Musings —11.01.2016 09:44 AM—
Let me tell you a story.
In my first year at Carleton U. – after a year or more of punk rock bacchanalia back in Calgary, and the corresponding impact on my GPA – I had decided to buckle down. So there I was in the big first-year Poli Sci course with 300 others, head down. I was focussed.
And I was focussed, on that day in September 1980, on the little guy in front of us. He was our professor for the year. He was Israeli, from Haifa, and he was shy, a bit idiosyncratic, but clearly smart. Near the end of that first class, here’s what he said to us:
“On the very last day of this course, I am going to tell you the truth about politics.”
And that’s it. He wouldn’t say anything else. All year, I kind of wondered what he was going to say. So, at the last class, on the last day, he lectured as he always did. Time went by. We were getting down to the last few minutes.
“What’s the truth about politics?” someone yelled out. The professor smiled, a rare thing.
“All year, we have been talking about politics, the science of politics,” he said. “But here is the truth about politics.” He paused. “If you get into politics, it will break your heart. It will end badly. It will be bitter, in the end.”
And, with that, he walked out. I never saw him again. We all stood and applauded him.
Being a contrarian of long-standing, I of course completely ignored his advice. I was elected student president at Carleton in ’83, I worked for Andre Ouellet and helped chair John Turner’s youth campaign in ’84, and so on and so on. I got right into politics, right away.
As you’d expect, knowing me as many of you do, I got into plenty of trouble. Most of the time, it was for making jokes on the Internet (true story: I always wanted to write comedy, but never got the courage to do so). Jokes about baking cookies, jokes about barbecued cat, jokes about someone’s transit plan. I like making people laugh; I love people who make people laugh (hero: Andy Kaufman, still).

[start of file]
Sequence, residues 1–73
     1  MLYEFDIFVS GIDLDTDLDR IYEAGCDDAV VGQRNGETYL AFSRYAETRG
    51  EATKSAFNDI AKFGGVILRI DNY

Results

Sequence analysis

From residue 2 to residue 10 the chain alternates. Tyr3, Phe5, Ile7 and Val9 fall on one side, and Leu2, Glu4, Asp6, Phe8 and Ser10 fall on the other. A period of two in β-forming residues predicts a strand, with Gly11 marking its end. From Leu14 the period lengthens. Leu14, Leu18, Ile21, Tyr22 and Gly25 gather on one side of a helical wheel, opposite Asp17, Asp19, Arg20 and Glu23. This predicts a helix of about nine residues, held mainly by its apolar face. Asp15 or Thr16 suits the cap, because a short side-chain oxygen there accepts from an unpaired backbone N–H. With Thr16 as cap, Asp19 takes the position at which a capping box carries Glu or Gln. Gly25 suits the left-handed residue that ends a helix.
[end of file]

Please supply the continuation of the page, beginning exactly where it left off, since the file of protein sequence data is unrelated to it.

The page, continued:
Not all of the trouble I got into was comedic. Sometimes, of course, I got in trouble for getting into big and serious fights on behalf of my candidates, mainly Messrs. Chretien and McGuinty. I don’t regret one of those fights, because I believed (and believe still) in those leaders, but I certainly came to regret losing friendships along the way.
Anyway: one thing I never did in politics was get involved in (a) fundraising or (b) candidate recruitment. Those two fields, I saw early on, were very dangerous. They were trouble. They would always ended badly.
I know a lot of the people behind these kinds of headlines. I feel sorry for a lot of them. They’re not crooks and criminals. They’re like every other human being I’ve met in my life: they’re flawed. Sometimes, they try and take a shortcut, and they get caught. A lot of the time, they have done absolutely nothing wrong, but are in the wrong place at the wrong time, and they become the victim of a mob.
My Israeli professor, of so long ago, was right. The political journey probably always ends badly.
But the ride, until that bitter and lonely end, is sometimes glorious.